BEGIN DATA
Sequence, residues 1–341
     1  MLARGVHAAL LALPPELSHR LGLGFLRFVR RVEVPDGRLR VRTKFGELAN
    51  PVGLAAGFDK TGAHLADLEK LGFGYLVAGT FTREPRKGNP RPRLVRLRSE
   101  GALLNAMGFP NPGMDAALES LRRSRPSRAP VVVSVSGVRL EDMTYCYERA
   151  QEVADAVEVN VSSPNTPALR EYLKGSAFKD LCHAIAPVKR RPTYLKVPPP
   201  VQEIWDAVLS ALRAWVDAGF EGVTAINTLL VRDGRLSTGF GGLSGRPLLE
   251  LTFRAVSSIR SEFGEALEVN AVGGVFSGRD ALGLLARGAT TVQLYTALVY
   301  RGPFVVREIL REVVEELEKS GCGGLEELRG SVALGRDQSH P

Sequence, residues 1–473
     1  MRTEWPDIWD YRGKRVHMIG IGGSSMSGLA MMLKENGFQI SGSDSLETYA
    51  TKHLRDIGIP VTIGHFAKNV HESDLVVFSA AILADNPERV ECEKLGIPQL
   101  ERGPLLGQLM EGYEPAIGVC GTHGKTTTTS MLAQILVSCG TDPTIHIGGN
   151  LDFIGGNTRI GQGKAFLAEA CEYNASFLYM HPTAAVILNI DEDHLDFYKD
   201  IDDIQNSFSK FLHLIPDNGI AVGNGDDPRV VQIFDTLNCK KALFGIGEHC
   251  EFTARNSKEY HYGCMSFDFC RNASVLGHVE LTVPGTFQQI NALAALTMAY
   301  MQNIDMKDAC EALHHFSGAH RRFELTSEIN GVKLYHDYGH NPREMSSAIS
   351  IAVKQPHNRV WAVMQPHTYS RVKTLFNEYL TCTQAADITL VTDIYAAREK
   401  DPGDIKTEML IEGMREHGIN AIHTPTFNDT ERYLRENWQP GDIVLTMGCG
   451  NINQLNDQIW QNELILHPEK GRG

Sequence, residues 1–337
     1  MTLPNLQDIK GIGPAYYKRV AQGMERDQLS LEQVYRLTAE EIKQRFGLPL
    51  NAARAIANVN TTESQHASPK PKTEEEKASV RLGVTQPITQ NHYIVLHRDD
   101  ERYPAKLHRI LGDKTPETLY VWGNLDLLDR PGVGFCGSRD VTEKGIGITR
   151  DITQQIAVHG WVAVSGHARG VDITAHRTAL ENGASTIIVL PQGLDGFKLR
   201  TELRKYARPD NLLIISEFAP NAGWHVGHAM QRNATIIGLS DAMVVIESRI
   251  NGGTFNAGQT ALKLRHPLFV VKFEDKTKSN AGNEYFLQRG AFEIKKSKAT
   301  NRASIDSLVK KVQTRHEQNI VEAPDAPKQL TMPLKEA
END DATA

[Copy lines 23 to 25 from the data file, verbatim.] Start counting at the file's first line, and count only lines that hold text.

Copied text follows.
   101  ERYPAKLHRI LGDKTPETLY VWGNLDLLDR PGVGFCGSRD VTEKGIGITR
   151  DITQQIAVHG WVAVSGHARG VDITAHRTAL ENGASTIIVL PQGLDGFKLR
   201  TELRKYARPD NLLIISEFAP NAGWHVGHAM QRNATIIGLS DAMVVIESRI